A report by Climate Action UNDP has highlighted how the tiny Commonwealth country of Sri Lanka is re-building its ancient network of water tanks to balance the needs of its entire ecosystem
A report by Climate Action UNDP has highlighted how the tiny Commonwealth country of Sri Lanka is re-building its ancient network of water tanks to balance the needs of its entire ecosystem.
Sri Lanka’s territory is 80% a dry zone and prone to water scarcity.
More than 2,000 years ago, ancient kings built a sophisticated hydraulic network of small tanks, connected to large reservoirs by canals, to collect and redistribute water that would replenish soils and ensure access to a stable supply of water for drinking, cooking and bathing.
Gradually forgotten over the centuries, the tanks and canals fell into disrepair and water scarcity has become a bigger problem, especially for rural communities.
Furthermore, Sri Lanka’s 30-year long conflict which ended in 2009 has caused significant damage, displacement and disintegration of its people, institutions and communal and public infrastructure.
It has also, however, created a new opportunity to repair and rebuild.
After the conflict ended, the Sri Lankan government promised to ensure the nation’s recovery and restore essential services by offering post-conflict investments to communities.
The impacts of climate change, though, such as droughts and flash floods, have made it more difficult for these communities to re-establish livelihoods.
In order to combat the impacts of climate change and help facilitate the country’s rebuild efforts, a new project, `Strengthening the resilience of post-conflict recovery and development to change risks in Sri Lanka’, was introduced and was funded by the Global Environment Facility’s Special Climate Change Fund (SCCF).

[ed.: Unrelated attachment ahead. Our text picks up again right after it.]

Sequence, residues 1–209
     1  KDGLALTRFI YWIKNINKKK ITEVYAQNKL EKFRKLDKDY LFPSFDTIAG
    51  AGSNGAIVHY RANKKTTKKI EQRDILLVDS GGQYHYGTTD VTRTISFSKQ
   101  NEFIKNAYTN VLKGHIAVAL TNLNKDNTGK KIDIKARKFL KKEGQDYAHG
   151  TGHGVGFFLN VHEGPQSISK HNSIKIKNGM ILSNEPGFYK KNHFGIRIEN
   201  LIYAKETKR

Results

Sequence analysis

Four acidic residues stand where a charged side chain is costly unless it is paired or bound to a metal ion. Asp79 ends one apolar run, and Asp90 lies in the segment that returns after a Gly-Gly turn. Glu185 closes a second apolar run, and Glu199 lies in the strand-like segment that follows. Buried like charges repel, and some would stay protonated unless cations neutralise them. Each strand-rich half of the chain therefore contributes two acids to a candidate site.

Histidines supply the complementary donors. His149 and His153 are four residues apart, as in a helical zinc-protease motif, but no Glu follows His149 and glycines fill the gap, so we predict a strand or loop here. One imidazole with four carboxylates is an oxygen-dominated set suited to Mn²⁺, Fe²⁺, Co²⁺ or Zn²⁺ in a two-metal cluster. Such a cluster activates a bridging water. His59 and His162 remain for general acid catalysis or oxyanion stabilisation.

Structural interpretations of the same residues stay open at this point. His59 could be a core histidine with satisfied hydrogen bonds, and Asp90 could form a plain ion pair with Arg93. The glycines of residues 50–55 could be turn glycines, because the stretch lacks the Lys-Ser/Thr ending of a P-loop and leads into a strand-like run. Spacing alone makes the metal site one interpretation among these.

This funding is going towards various reconstruction and rehabilitation programmes, including one to reintroduce the ancient water tank system.
UNDP is working with the Ministry of Disaster Management to rehabilitate 34 ancient water tanks and upgrade and adapt them to new climatic requirements.
The system is intended to offset the effects of climate change, which include higher temperatures, more irregular rainfall and extended droughts, and ensure the protection of people and ecosystems against future climate change.
Read More: Ameenah Gurib-Fakim, President of Mauritius, and Enrique Peña Nieto, President of Mexico, explain the work of the High Level Panel on Water, and call on all levels of government, civil society and the private sector to mobilise action and innovative finance for a water-secure world